19

Prognosis IMHA?

> guarded
- intravascualr worse
- icterus, haemaglobinaemia/uria, poor regeneration, all poor prognostic indicators
> common cause of death PTE (thromboembolism)
> may relapse
> monitor
- regular PCV/TP and haem prior to each dose reduction
- regular biochem drug toxicity

20

What type of IMHA is most common in cats?

1* (despite old literature)

21

Why is IMHA in cats more difficult?

- Dx hard
- giving blood products mroe challenging ni cats (often give more volume watch for overload)

22

How does Babesia differ from IMHA?

- looks very similar
- more sick with babesia
- more intravasc ?

23

Specieis of babesia. How is this spread controlled?

- B. Canis in europe
- B. Gibsoni other areas
> travel scheme

24

Which species does mycoplasma affect?

- cats mainly
- dogs too after splenectomy

25

Which infections can act as an immunological trigger for IMHA?

- Any theoretically -> 2* IMHA

26

Miscellaneous causes of haemolysis

> oxidative damage
- paracetamol (cats)
- onions, garlic, Zn, Cu
> hypophosphataemia (DKA)
> shear injury (microangiopathic) d/t damaged endothelium

27

How do non-regenerative anaemia patients present?

- mild/severe
- may be o nvious on PE or not
- variable!!
> reticulocytes
-

28

Most common cause fo non-regenerative anaemia?

- anaemia of chronic inflammation
Mild - moderate anaemia (dogs 25-36%, cats 18-26%)
- chronic infections and non-infectious disorders
- d/t poor iron storage/utilisation and shortened red cell survival, imparied erythrocyte production

29

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-

30

What type of anaemia does renal dz cause?

- normocytic, normochromic
> not always obviuos on PE

31

Pathogenesis of renal dz anaemia?

- inadequate EPO production
- decreased erythrocyte lifespan
- decreased marrow response to EPO
- other factors (haemorrhage caused by uraemic ulcers etc.)

32

What should always be tested for in anaemic cats?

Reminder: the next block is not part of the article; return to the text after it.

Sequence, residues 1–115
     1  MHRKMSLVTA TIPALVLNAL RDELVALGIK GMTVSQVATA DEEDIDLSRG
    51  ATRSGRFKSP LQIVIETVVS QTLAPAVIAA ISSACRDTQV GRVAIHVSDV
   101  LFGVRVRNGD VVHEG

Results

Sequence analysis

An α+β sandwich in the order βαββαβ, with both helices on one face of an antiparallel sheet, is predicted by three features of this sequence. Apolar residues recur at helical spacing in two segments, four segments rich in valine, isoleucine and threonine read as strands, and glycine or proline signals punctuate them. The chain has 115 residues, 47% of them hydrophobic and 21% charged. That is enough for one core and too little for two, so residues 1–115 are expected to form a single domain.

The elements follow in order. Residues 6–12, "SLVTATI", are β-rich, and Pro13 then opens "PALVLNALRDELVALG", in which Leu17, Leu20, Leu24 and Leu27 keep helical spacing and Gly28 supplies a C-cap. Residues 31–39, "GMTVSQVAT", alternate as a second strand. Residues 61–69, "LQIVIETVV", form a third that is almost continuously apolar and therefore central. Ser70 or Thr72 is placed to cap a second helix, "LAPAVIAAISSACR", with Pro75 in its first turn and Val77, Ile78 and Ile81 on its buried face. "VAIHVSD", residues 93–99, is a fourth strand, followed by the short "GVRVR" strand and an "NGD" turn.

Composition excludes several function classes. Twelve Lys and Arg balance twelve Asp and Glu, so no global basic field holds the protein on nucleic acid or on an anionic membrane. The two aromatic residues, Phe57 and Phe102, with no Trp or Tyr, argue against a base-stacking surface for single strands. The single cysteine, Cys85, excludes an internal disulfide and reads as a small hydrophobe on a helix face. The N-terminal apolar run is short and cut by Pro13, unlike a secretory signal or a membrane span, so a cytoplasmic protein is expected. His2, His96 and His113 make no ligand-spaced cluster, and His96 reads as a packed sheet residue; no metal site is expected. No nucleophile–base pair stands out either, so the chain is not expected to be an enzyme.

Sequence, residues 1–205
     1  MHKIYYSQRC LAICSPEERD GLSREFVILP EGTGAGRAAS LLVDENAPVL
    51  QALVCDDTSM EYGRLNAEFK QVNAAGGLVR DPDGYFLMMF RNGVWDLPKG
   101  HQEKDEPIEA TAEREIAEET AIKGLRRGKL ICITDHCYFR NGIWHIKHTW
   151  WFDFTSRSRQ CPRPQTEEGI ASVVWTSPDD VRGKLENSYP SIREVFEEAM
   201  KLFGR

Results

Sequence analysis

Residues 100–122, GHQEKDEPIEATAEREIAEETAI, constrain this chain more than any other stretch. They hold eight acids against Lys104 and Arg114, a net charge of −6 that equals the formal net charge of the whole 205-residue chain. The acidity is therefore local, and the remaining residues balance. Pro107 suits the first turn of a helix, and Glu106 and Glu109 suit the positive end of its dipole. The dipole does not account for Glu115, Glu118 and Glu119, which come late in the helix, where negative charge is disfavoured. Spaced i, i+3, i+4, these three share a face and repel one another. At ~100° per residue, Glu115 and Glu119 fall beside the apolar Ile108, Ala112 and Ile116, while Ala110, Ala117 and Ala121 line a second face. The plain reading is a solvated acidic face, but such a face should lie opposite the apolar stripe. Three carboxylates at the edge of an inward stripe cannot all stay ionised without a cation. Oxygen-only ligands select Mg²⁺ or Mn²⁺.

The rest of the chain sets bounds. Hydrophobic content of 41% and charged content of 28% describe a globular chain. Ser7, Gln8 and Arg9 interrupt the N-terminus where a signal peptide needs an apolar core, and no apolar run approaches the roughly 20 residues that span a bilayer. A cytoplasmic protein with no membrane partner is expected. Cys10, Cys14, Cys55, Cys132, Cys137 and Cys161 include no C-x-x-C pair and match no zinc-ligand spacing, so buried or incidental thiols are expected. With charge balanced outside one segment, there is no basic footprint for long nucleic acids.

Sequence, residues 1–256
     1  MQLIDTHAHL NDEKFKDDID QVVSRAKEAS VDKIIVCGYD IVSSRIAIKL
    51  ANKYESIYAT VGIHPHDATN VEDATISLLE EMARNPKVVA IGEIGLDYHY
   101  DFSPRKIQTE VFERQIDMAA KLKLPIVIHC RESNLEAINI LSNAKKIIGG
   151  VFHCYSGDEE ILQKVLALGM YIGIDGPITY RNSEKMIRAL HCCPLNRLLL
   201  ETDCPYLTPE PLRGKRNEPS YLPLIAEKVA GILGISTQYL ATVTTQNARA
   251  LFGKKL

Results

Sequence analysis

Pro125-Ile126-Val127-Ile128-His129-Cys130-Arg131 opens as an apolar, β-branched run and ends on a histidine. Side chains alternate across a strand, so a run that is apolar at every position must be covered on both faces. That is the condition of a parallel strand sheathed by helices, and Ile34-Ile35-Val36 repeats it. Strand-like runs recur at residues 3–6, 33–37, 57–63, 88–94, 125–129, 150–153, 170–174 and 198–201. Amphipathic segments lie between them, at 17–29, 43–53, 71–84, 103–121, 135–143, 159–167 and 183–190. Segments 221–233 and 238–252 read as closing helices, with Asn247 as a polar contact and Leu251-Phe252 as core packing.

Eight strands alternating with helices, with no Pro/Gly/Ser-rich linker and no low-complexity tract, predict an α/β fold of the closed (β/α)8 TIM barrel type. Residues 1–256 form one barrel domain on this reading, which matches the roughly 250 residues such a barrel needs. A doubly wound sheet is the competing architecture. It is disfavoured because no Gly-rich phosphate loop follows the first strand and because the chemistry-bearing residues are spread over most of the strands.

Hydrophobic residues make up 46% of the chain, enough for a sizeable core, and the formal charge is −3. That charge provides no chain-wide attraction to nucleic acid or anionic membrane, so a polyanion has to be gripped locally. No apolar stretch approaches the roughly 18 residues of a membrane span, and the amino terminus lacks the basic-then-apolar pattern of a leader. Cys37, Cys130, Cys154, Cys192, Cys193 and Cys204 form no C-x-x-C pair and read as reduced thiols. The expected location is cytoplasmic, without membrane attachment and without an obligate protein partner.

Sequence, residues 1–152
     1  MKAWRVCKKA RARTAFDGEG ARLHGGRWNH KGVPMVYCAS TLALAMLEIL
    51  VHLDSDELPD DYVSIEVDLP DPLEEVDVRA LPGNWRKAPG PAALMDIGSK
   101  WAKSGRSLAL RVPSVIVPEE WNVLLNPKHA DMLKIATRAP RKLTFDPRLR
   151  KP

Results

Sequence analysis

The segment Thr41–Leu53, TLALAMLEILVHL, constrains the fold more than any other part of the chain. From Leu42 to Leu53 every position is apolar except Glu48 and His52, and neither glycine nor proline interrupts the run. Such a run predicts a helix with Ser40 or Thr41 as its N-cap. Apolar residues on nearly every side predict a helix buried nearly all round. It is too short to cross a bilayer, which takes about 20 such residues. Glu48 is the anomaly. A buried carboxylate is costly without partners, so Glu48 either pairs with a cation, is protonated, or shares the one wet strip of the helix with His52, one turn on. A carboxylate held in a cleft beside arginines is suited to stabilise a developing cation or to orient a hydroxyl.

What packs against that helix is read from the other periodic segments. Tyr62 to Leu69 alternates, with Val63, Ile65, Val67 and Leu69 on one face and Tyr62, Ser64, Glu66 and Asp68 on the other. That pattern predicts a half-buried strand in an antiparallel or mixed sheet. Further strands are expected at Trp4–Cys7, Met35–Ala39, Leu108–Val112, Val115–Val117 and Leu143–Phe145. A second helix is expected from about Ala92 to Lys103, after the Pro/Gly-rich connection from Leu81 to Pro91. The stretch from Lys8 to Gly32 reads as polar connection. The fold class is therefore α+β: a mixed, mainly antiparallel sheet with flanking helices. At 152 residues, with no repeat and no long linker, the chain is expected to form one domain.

- FeLV

33

What type of anaemia does FeLV cause?

- macrocytic normochromic or normocytic normochromix in chronic dz
- may induce IMHA/1* BM dz
- >75% anaemic cats found to be FeLV+ in past studies

34

3 main miscellaneous non-regenerative anaemia

> nutrient
- iron deficieny
- copper def (Cu associated hepatitis in labs)
- folate/cobalamin deficiency (neutropenia, severe non-regen anaemia,s tunted growth, inherited dz in some breeds)
> endocrine
- hypothyroid
- hypoadrenocorticism
- hyperestrogen
- mild-mod anaemia, severe pancytopenia poss with hyperestrogenism
> liver
- young dogs with PSS
- mild-mod
- iron metabolism affected

35

Types of BM dz? What type of anaemia would this cause?

> non-regenerative
- pure reed cell aplasia
- aplastic anaemia (pancytopenic)
- neoplaisa (myelophthisis)
- myelodysplasia (abnormal development RBC)
- myelofibrosis (fibrosis replaces BM)

36

Approach to non-regenerative anamiea

- depends on severity
- similar investigation path to regenerative anaeia but Ddx different (look for dz)
- if severe and no cause found on screening tests - BM
- Bi-pancytopenia - BM

37

Where are BM samples taken?

- humerus or iliac crest

38

Outline BM sampling technique

- sedation + local/GA
- clip and prepare aseptically
- aspirate (once obtained smear quickly as clots in seconds)
- core-roll preparations then into formalin

39

Tx BM dz -> non-regenerative anaemia?

- pure red cell aplasia (= IMHA Tx)
- aplastic anaemia (?)
- neoplasia (myelpthisis)
- myelodysplasia (NO tx)
- myelofibrosis (revesible, tx underlying dz)

40

What is anaemia?

- NOT a clinical sign/dx
= v PCV, HCT, Hb, RBC
may or may not be obvious on PE